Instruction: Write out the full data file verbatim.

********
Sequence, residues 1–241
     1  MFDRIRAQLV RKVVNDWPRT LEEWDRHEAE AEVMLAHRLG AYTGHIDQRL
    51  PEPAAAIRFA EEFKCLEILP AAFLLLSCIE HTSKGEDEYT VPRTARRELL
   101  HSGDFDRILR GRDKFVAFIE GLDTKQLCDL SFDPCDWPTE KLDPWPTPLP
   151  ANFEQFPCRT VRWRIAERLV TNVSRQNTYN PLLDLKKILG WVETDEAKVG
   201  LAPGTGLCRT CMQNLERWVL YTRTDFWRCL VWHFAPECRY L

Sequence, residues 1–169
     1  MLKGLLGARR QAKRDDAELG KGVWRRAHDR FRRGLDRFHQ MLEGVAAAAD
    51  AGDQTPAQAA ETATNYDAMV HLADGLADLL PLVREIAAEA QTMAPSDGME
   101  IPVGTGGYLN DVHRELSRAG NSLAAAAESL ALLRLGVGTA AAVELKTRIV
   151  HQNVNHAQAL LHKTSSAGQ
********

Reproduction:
Sequence, residues 1–241
     1  MFDRIRAQLV RKVVNDWPRT LEEWDRHEAE AEVMLAHRLG AYTGHIDQRL
    51  PEPAAAIRFA EEFKCLEILP AAFLLLSCIE HTSKGEDEYT VPRTARRELL
   101  HSGDFDRILR GRDKFVAFIE GLDTKQLCDL SFDPCDWPTE KLDPWPTPLP
   151  ANFEQFPCRT VRWRIAERLV TNVSRQNTYN PLLDLKKILG WVETDEAKVG
   201  LAPGTGLCRT CMQNLERWVL YTRTDFWRCL VWHFAPECRY L

Sequence, residues 1–169
     1  MLKGLLGARR QAKRDDAELG KGVWRRAHDR FRRGLDRFHQ MLEGVAAAAD
    51  AGDQTPAQAA ETATNYDAMV HLADGLADLL PLVREIAAEA QTMAPSDGME
   101  IPVGTGGYLN DVHRELSRAG NSLAAAAESL ALLRLGVGTA AAVELKTRIV
   151  HQNVNHAQAL LHKTSSAGQ